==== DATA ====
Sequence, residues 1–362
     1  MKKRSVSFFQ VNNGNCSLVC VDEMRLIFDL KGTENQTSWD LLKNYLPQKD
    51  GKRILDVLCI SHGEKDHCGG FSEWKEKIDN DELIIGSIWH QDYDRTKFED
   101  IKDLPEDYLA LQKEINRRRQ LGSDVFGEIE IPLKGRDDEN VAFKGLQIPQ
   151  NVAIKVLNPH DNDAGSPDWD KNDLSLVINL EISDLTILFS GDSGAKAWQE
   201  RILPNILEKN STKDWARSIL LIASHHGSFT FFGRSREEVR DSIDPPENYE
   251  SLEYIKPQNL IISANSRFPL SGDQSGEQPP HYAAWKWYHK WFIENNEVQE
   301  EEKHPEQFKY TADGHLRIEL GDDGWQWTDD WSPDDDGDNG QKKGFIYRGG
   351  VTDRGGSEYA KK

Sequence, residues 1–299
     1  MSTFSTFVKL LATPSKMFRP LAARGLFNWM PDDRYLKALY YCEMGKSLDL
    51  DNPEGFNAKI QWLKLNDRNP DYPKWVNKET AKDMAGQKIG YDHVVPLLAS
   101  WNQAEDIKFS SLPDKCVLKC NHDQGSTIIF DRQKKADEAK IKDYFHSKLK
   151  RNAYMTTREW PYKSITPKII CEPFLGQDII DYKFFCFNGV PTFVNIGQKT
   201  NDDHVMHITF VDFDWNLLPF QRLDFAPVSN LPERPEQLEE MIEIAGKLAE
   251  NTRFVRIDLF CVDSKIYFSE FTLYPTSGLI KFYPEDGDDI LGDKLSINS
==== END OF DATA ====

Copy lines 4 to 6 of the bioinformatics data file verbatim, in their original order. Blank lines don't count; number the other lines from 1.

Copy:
   101  IKDLPEDYLA LQKEINRRRQ LGSDVFGEIE IPLKGRDDEN VAFKGLQIPQ
   151  NVAIKVLNPH DNDAGSPDWD KNDLSLVINL EISDLTILFS GDSGAKAWQE
   201  RILPNILEKN STKDWARSIL LIASHHGSFT FFGRSREEVR DSIDPPENYE